Monday, February 6, 2012

Tim Price Blogging for Rico-Focus-Inspiration & the zone of creativity.

Tim Price Blogging for Rico-Focus-Inspiration & the zone of creativity.

~There's a euphoria and a feeling of deep interaction with what you're creating. You're inside something. I'm not standing there trying to be someone else by playing someone else's style or licks. My goal is to start from zero and try to add something to the music. This is something I've learned and been influenced by studying with masters such as Charlie Mariano, who has a great internalization of not only saxophone command but commitment to creativity. You have to understand even if you're playing simple triadic rock n' roll or the most harmonically ad vanced stuff. You're going for a groove. I have an unreleased CD that's called " Bombay Bar Walking" , and the vibe is no matter if you're at a corner bar in Philly and you're playing tenor in the pocket or you're sitting crossed legged with a tabla player to your right-no matter what you're going for that zone. That's where its at. That zone that everyone looks for. That is my spring board.

My inspiration comes from the masters. And by that I mean having respect for what came before me and the people who created it. There's nothing in this world that's more inspiring than listening to Dexter Gordon play a blues. The average person walking the street has no idea who Dexter Gordon is and no clue to what sitting down and listening to an artist like that can do for you. That might be more of a therapeutic thing for the human race than handing out hand fulls of prozac and riddelin . When I was a kid I would kick back and put on a record in the mid-60's when I was in high school of Sonny Stitt and Gene Ammons, that music came from such a g reat place emotionally that no matter what happened that day I was chilled out. To take it a step further I've been very lucky in my life that the tenor saxophone has been part of my DNA. It's an inspiration that goes far beyond any words I can say. Hopefully its something people will hear in my music.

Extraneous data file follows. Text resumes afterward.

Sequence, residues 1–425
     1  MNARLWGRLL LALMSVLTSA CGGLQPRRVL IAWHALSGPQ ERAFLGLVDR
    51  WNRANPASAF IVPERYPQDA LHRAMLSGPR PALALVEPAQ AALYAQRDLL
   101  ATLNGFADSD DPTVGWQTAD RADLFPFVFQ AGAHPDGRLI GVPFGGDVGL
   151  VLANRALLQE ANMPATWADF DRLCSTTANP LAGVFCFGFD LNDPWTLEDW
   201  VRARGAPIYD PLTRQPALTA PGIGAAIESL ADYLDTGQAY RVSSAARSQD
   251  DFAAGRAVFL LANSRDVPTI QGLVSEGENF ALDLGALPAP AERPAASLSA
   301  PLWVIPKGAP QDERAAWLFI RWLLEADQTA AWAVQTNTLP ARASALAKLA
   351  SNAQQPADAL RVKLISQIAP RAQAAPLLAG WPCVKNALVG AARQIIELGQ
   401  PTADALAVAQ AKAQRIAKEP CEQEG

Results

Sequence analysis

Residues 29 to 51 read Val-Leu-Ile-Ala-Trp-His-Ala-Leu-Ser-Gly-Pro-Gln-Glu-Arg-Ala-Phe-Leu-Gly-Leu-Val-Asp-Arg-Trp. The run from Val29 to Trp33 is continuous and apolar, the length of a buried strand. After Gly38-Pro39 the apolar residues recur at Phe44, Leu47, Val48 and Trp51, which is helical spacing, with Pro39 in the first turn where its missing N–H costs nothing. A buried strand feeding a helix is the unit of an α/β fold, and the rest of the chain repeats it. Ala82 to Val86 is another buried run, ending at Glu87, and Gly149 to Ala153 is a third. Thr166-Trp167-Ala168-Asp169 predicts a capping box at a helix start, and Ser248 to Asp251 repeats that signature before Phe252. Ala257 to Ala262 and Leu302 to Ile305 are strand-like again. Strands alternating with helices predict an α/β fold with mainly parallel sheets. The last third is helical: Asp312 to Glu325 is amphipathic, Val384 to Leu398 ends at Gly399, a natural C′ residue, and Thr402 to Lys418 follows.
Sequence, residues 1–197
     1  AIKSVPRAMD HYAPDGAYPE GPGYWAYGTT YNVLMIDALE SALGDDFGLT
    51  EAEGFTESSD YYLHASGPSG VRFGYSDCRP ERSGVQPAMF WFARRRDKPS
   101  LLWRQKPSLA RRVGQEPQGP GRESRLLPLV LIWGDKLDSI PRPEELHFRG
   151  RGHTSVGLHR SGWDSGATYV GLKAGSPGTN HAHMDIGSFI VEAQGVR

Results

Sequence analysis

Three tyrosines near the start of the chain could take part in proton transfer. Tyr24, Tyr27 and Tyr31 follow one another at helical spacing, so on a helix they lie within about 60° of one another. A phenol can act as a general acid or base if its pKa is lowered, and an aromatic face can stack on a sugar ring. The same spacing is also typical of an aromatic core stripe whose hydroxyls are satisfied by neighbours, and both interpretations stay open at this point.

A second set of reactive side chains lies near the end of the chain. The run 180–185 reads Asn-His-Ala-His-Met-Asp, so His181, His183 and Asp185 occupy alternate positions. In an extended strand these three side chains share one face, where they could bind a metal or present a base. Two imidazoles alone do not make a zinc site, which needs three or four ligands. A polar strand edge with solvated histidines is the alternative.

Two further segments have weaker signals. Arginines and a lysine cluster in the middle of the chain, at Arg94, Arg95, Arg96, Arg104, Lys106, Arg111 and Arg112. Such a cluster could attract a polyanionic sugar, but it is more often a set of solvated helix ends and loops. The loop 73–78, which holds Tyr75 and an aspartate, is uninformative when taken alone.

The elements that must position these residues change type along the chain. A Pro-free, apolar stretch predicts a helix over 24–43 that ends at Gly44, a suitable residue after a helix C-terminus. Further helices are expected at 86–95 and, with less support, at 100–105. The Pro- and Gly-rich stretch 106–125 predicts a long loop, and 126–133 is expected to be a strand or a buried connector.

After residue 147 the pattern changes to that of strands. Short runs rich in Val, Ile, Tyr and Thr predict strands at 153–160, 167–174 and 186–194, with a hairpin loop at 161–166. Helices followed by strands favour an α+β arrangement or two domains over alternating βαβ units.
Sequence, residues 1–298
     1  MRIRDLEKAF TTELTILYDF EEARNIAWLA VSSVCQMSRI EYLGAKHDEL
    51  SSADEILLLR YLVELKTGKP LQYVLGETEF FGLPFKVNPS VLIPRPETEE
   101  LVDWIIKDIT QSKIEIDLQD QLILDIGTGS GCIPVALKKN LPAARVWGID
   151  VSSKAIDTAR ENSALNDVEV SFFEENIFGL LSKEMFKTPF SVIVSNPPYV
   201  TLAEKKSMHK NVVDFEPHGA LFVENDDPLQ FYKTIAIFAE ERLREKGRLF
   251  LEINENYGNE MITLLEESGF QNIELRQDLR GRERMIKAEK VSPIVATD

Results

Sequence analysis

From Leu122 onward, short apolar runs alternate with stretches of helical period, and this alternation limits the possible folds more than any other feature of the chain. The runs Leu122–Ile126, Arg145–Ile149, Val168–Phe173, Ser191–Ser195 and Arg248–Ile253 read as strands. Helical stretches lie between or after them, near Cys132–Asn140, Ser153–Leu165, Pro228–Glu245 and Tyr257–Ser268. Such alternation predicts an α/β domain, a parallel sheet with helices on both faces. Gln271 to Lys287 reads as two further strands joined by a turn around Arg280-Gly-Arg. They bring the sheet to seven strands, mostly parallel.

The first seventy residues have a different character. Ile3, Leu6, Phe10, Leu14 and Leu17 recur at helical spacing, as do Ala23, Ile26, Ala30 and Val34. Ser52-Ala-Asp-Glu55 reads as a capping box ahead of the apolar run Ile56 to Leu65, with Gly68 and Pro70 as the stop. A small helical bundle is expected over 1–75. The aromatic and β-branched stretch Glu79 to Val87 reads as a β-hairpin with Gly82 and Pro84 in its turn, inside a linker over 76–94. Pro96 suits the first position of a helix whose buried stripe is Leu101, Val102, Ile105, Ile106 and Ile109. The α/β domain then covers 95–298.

My experience can be summed up into something I heard Stan Getz refer to as the "Alpha State". This is a frame of mind and again something similar as I've described earlier about being in the zone. It's a very important mind set, not something that just happens. As musicians we should all be grateful that we can pick up our instrument and create. And that goes for just finding a reed, playing some scales to get loose, or rehearsing with friends just to play. There's a spirituality like no other in getting together with like minds and going into a room for the pure sake of playing and just looking at each other and saying... yeah; and letting the music transcend.

When I improvise, I try to keep in mind what pianist Paul Bley said about composition, "Improvising is composing in real time." If you're writing a lot it becomes a lot easier compositionally. I try to find a certain point in the day and just jot down four or more measures, or a sequence of notes I like in my notebook. For over 20 years I had the honor of studying with Charlie Bacanos. he prepared me for this kind of mind set. Keep in mind I was touching on it before, but I got more focus from Charlie. My inspiration comes from daily preparation and practice. It helps me move faster and also not lose track of what I'm hearing in my minds ear.

A few years ago, I had the honor of playing a Coltrane tribute at Loyola University in New Orleans with my friend Tony Degradi on saxophone and a great band that included drummer Stanton Moore from the band Galactic. This concert was done on Trane's birthday, a year before Katrina. We had a great program of music prepared. The night before we played at The Snug Harbor Club to a packed house. It was great feeling being in New Orleans and playing with these musicians. As the gig started I felt a very deep connection within the music. We were playing Trane based music, obviously. I had rearranged some of the tunes like Ole for me playing electro-bassoon and Tony on Soprano Sax. In addition we were hitting some two Tenor things that just gave me chills. As the gig went on everything was where it was suppose to be and just kept going and going fantastically. At the end of that gig I had a feeling from being in New Orleans where there's a very deep spiritual vibe and playing this concert on Trane's birthday-something I've never felt in my life, it was really cool to say the least.

In closing I would like to suggest these books:
The first book is called 'The Artist's Way' by Julie Cameron. It helps you focus day to day in your practice and provides daily activities. It's a must read. Also I highly suggest checking out 'The Mysticism of Sound and Music' by Hazrat Inayat Khan along with his other book 'The Music of Life'. These three books will really inspire you and are fantastic reading. Thank you!

BY THE WAY...The picture at the top of this weeks blog is Bob Weir and I hanging at
this years 2012 NAMM show at Theo Wanne booth.GOOD TIMES! ( Pic' by Matt Ambrose )

~ Tim Price

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